- to remove dirt, grease, etc., from or to cleanse or polish by hard rubbing, as with a rough or abrasive material: to scour pots and pans.
- to remove (dirt, grease, etc.) from something by hard rubbing: to scour grease from pots and pans.
- to clear or dig out (a channel, drain, etc.) as by the force of water, by removing debris, etc.
- to purge thoroughly, as an animal.
- to clear or rid of what is undesirable: to scour the nation of spies.
- to remove by or as if by cleansing; get rid of.
- to clean or rid of debris, impurities, etc., by or as if by washing, as cotton or wool.
- Metallurgy. (of the contents of a blast furnace) to rub against and corrode (the refractory lining).
- to rub a surface in order to cleanse or polish it.
- to remove dirt, grease, etc.
- to become clean and shiny.
- to be capable of being cleaned by rubbing: The roasting pan scours easily.
- (of a plow, cultivator, etc.) to pass through the ground without soil clinging to the blade.
- (of a plow, shovel, etc.) to become polished from use.
- the act of scouring.
- the place scoured.
- an apparatus or material used in scouring; scourer: Sand is a good scour.
- the erosive force of moving water, as in a river or sea.
- Usually scours. (used with a singular or plural verb) Veterinary Pathology. diarrhea in horses and cattle caused by intestinal infection.
Origin of scour1
SynonymsSee more synonyms on Thesaurus.com
- to range over, as in a search: They scoured the countryside for the lost child.
- to run or pass quickly over or along.
- to range about, as in search of something.
- to move rapidly or energetically.
Origin of scour2
SynonymsSee more synonyms on Thesaurus.com
Examples from the Web for scouring
Hundreds of civilian volunteers were recruited and trained, scouring communities for any evidence of Graham.On U.VA Campus, Grief Mixes With Relief After Discovery of Body
October 20, 2014
McLennan was scouring church land with his metal detector in September when he came across a silver spoon.How To Strike Viking Gold
October 18, 2014
Reporters found that scouring the Internet for remarks made by Ukip members was proving fruitful.Is Britain’s Tea Party Turning Politics Upside Down?
April 30, 2014
She later confessed to poring over botanical volumes in search of suitable poisons and scouring the woods for lethal mushrooms.The Week in Death: Clarissa Dickson Wright, One of ‘Two Fat Ladies’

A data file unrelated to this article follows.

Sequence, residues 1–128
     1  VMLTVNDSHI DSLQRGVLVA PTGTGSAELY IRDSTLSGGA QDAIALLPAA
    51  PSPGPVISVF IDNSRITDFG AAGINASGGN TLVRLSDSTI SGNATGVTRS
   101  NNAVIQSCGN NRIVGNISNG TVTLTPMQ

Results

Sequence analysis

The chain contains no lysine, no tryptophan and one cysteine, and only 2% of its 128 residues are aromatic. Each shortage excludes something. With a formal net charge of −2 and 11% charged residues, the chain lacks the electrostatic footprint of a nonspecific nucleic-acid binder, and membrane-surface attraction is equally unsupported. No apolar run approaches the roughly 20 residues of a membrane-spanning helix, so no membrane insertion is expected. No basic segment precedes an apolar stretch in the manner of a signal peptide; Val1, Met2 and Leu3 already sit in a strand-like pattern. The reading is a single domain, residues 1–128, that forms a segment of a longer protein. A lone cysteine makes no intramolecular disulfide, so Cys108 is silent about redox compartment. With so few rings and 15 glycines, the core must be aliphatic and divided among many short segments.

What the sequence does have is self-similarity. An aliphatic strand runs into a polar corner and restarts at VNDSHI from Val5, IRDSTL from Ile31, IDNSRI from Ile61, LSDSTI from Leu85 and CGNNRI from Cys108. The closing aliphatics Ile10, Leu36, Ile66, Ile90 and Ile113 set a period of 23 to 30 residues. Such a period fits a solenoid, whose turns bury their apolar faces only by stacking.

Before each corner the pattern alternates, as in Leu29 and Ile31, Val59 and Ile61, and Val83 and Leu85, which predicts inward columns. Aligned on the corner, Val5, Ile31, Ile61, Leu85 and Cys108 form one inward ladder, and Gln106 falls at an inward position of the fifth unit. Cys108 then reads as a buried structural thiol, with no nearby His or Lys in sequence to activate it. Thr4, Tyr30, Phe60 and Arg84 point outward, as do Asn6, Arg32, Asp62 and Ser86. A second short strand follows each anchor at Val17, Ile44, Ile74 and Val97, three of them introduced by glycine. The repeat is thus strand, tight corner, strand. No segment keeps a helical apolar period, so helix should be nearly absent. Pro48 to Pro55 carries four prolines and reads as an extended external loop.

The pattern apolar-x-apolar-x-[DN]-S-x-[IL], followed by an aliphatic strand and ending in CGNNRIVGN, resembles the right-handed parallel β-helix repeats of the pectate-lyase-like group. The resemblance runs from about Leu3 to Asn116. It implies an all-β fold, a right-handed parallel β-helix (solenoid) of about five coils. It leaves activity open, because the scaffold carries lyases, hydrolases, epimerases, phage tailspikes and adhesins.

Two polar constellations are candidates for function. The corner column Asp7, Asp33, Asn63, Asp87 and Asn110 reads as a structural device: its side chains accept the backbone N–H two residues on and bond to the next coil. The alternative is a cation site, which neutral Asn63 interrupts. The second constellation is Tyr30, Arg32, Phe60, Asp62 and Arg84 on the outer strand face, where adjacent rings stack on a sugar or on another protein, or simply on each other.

March 22, 2014
Together with the Colorado and Wyoming National Guards, FEMA was scouring 17 counties across the state for survivors.Colorado Residents Fighting to Save Their Flooded Homes
September 18, 2013
There are so many of us scouring the town every day without getting the smallest job.His Masterpiece
Thereupon they went their way, scouring the fields as far as the road to Mareuil.Fruitfulness
The whole fleet were not scouring the seas at three of the clock this morrow!Clare Avery
Emily Sarah Holt
You'll never catch the rascals by scouring the desert with a handful of men.Tabitha's Vacation
Ruth Alberta Brown
The lady was very particular about the scouring of wainscotings and doors.Mary, Mary
- to clean or polish (a surface) by washing and rubbing, as with an abrasive cloth
- to remove dirt from or have the dirt removed from
- (tr) to clear (a channel) by the force of water; flush
- (tr) to remove by or as if by rubbing
- (intr) (of livestock, esp cattle) to have diarrhoea
- (tr) to cause (livestock) to purge their bowels
- (tr) to wash (wool) to remove wax, suint, and other impurities
- the act of scouring
- the place scoured, esp by running water
- something that scours, such as a cleansing agent
- (often plural) prolonged diarrhoea in livestock, esp cattle
- to range over (territory), as in making a search
- to move swiftly or energetically over (territory)
Word Origin and History for scouring
"cleanse by hard rubbing," c.1200, from Middle Dutch scuren, schuren "to polish, to clean," and from Old French escurer, both from Late Latin excurare "clean off," literally "take good care of," from Latin ex- "out" (see ex-) + curare "care for" (see cure (v.)). Possibly originally a technical term among Flemish workmen in England. Related: Scoured; scouring. As a noun, 1610s, from the verb.
"move quickly in search of something," c.1300, probably from Old Norse skyra "rush in," related to skur "storm, shower, shower of missiles" (see shower (n.)). Perhaps influenced by or blended with Old French escorre "to run out," from Latin excurrere (see excursion). Sense probably influenced by scour (v.1).